From Fred Danenhower, Summerland BC
My oldest brother drew a lottery number of 29 on his 18th birthday in March of 1968. I was 13, 5’1” and playing sports all the time. As a family we didn’t really have a religion but my father had been raised a Quaker and was a CO during WW2. He served, but as a psychologist in New Jersey, not on the front lines. He was against Vietnam from the beginning, thought Lyndon Johnson was an idiot for escalating the war. My mother was liberal politically, independent, ahead of her time, a working mom with 4 kids. My parents were united, not wanting any of their sons to go to a war they didn’t believe in. At 13 I was aware of Viet Nam and civil rights-they were talked (ranted!) about at the dinner table, but I was still pretty naïve. I can remember canvassing for Eugene McCarthy with a friend of my sister’s, not out any dedication to the cause but because I really liked her. During that time, the thing affecting me most was the assassination of Martin Luther King. Solving the disparity between blacks, minorities and whites took a huge hit and I lived it everyday while going to school. Our Santa Barbara neighborhood was white and wealthy, Milpas St. was black, Delavina St. hispanic, not so well off.
Between March and August of 1968 my mother had decided to go to Canada. Her reasoning was to provide a safe haven if my brother had to leave the US. We two younger sons were going with her. I saw it as a big adventure, we had been to Yellowstone, Banff and Oregon, camping, so I assumed Canada would be more rustic. We would be mountain men, not surfers. Some time at the beginning of August we packed up a 1958 Chevy station wagon with everything the family would need and started north. We visited my grandmother in Oregon, then hit the border at Osoyoos, Wednesday, August 28th. Within 2 hours we were landed immigrants. My mother had researched job possibilities. Starting at Osoyoos we went north, with the idea of going through the Okanagan, then on to Banff, but she applied for work everywhere along the way. Friday afternoon we landed in Salmon Arm and she was told she could start work Monday morning. We found a motel that rented by the month and were home. I was going into grade 9, could walk to school and in retrospect I must have been a bit of a novelty. By October I did not want to return to California, but I missed my friends. But Canada was a wild, wonderful place. So when the Democratic national convention was on, Kent State happened, Nixon was elected, the Vietnam protests escalated, I was in Salmon Arm, and not really connected to all that. I was accepted easily because of sports. It was fun: I developed a ‘harem’ of girls who all had to be kissed “good morning” at the beginning of every school day. My older brother had a much tougher time fitting in, he was more introverted and a genius. People were intimidated. His motivation for staying in Canada was much more real, he did not want to go to Vietnam. My mother had a similar experience. She didn’t connect with anyone at work, missed her friends, and thought Canada, while beautiful, was backward. The three of us regularly camped at Yard Creek on weekends-a wonderful family time.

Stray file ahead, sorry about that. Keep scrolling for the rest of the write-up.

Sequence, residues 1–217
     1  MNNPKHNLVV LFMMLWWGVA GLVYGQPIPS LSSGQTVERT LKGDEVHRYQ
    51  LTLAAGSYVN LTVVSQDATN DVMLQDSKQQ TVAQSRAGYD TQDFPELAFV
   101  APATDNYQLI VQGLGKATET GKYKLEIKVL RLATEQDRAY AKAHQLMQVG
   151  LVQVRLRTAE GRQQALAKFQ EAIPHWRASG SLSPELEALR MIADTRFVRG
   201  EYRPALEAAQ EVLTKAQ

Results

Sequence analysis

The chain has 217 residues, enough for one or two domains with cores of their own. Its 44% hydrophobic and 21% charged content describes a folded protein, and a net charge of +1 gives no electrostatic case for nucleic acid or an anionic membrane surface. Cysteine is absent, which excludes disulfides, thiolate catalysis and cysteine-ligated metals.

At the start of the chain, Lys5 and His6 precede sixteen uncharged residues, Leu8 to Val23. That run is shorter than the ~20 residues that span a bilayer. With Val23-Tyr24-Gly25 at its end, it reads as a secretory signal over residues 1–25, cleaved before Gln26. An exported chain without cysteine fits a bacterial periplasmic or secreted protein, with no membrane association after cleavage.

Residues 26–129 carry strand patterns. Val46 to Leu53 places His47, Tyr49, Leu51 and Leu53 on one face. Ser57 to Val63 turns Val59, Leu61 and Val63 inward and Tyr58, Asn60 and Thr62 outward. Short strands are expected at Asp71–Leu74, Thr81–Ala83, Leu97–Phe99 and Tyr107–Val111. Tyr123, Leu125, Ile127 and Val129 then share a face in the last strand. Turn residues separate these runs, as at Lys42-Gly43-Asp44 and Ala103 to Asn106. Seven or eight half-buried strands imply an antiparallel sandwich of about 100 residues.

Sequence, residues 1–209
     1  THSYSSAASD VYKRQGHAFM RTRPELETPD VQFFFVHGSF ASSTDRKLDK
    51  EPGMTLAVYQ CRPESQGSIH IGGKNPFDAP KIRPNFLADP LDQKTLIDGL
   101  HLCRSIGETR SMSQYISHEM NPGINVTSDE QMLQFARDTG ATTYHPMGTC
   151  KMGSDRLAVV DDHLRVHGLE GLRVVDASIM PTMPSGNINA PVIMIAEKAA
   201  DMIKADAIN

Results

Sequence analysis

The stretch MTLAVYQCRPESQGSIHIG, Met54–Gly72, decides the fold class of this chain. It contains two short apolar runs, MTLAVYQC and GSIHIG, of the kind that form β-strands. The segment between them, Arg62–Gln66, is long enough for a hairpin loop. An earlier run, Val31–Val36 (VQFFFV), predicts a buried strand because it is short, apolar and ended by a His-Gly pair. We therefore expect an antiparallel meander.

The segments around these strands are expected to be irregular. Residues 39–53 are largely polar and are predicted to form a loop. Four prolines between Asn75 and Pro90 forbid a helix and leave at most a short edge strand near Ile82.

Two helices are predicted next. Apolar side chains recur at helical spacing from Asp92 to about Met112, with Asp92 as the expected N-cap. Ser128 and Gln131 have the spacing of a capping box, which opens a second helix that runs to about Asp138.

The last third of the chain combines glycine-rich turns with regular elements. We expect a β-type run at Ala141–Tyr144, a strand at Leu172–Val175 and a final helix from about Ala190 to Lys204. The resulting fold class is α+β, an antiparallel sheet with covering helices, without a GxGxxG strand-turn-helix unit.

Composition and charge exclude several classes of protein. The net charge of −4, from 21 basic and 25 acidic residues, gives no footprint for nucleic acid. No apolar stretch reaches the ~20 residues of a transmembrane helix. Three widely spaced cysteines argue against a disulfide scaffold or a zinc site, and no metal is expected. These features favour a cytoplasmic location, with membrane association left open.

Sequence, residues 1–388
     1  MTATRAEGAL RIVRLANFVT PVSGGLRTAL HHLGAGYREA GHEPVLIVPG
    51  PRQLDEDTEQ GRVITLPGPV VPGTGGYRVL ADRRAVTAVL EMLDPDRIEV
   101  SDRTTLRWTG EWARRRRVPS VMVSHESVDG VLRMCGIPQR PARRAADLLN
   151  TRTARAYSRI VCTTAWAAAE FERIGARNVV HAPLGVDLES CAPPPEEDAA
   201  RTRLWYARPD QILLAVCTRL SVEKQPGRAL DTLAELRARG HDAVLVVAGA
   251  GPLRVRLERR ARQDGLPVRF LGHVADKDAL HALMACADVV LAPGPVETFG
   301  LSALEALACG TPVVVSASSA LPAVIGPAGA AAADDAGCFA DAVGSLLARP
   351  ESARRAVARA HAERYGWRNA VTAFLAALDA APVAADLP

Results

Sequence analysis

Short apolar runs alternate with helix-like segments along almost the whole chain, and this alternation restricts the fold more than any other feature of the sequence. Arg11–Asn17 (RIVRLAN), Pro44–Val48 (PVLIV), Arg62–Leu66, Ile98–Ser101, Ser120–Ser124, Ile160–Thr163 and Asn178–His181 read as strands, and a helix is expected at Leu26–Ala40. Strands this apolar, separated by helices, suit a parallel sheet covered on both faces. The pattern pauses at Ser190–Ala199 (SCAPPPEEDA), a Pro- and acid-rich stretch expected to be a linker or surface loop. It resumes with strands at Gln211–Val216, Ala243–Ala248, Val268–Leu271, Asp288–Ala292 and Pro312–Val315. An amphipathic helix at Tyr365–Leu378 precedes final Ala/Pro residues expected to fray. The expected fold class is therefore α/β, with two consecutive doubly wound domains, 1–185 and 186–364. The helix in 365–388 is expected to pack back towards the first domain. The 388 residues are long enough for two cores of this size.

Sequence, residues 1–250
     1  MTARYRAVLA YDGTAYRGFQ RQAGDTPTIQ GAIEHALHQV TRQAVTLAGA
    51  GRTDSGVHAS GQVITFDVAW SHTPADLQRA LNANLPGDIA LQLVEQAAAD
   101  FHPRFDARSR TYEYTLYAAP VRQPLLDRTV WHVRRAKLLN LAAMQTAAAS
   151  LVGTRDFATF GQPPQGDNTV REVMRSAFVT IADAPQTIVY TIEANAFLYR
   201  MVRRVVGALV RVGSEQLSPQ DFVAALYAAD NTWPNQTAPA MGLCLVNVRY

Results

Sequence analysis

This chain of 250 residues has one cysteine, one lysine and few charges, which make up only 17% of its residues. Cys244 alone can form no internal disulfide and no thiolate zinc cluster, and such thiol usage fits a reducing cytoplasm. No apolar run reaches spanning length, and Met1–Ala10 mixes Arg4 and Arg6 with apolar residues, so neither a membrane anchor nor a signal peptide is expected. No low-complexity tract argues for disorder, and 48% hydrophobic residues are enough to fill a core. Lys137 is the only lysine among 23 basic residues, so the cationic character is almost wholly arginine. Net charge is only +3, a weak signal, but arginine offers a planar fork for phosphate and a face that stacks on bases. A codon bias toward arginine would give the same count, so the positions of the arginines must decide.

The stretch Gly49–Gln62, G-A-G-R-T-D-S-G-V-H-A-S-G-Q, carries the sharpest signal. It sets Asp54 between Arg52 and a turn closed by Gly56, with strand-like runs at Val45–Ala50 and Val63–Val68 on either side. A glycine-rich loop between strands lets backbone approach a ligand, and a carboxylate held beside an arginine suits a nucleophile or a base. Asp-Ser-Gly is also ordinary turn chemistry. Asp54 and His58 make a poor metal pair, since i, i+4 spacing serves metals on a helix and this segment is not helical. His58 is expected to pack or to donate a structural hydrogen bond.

In the fall of 1969, my father was diagnosed with cancer. My brother stayed and finished Grade 12 in Salmon Arm, and we moved back to California over Christmas. At this point I was simply not very connected to the US–I was a visitor. My oldest brother was using student deferments to avoid service, so things were okay. My mother decided she was going to tour Europe in the fall of 1970 (my father was better) and we kids could come if we wanted to. Another adventure! We toured Greece, Italy, Spain, France, and England in 1970/71. From Europe, we flew back to Montreal to avoid the US, and drove across Canada. My brother enrolled at SFU, and I was left with room and board in Salmon Arm. A story: I crashed my bike and tore up my knee, which became infected. I went to the doctor but knew nothing about gov’t provided medical. I walked out of the office with a cleaned up knee, and a lunch bag full of medical supplies. Free. Once again, humbled by the generosity of locals. I finished high school in 1973. I have really fond memories of hitch hiking the Trans-Canada and Highway 97 North, having adventures during those days. One time, I bullshitted a drunk welder coming out of Cache Creek, telling him I had a licence and could drive (he luckily passed out quickly) and made it all the way to Quesnel before leaving the truck on the side of the road. My goal was to see how far I could get on $5. My father died in the summer of 1973. I went on to UBC, and my brother was still at SFU. When I turned 18, I quit crossing the border, we had not registered with Draft Board 100, so we were not registered for the draft and technically illegal. My mother came north for good in 1976, the same year I became a citizen. I went for the citizenship hearing with my girlfriend as a character reference, the judge looked at her, then me, asked “is this your girlfriend?” “Yes” I answered. “Then you must be alright,” he said, and the hearing ended (she was better looking than I was).
When I reflect on it now, I think I was similar to the girl in the photo at Kent State. I was not paying attention to the US much, as I felt Canadian and was cruising through the teen years, having a great time. My life directed by my parents, my living experiences happening mostly by chance. I have had conversations with friends of my older siblings who went to Vietnam. They describe the horror, some still suffering the effects of PTSD or agent orange, their lives were never the same. Others did amazing things to avoid service, dieting to be underweight, pretending to be crazy to get a dishonorable discharges.
I am Canadian, incredibly grateful my mother made the effort to move, and that Canada allowed us to come.